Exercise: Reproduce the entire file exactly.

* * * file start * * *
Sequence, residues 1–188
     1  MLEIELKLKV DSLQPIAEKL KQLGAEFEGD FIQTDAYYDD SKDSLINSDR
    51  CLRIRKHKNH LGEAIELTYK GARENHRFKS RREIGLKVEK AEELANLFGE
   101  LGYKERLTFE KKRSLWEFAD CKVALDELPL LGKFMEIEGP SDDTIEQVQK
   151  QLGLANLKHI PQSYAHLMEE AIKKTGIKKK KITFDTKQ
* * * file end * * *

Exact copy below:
Sequence, residues 1–188
     1  MLEIELKLKV DSLQPIAEKL KQLGAEFEGD FIQTDAYYDD SKDSLINSDR
    51  CLRIRKHKNH LGEAIELTYK GARENHRFKS RREIGLKVEK AEELANLFGE
   101  LGYKERLTFE KKRSLWEFAD CKVALDELPL LGKFMEIEGP SDDTIEQVQK
   151  QLGLANLKHI PQSYAHLMEE AIKKTGIKKK KITFDTKQ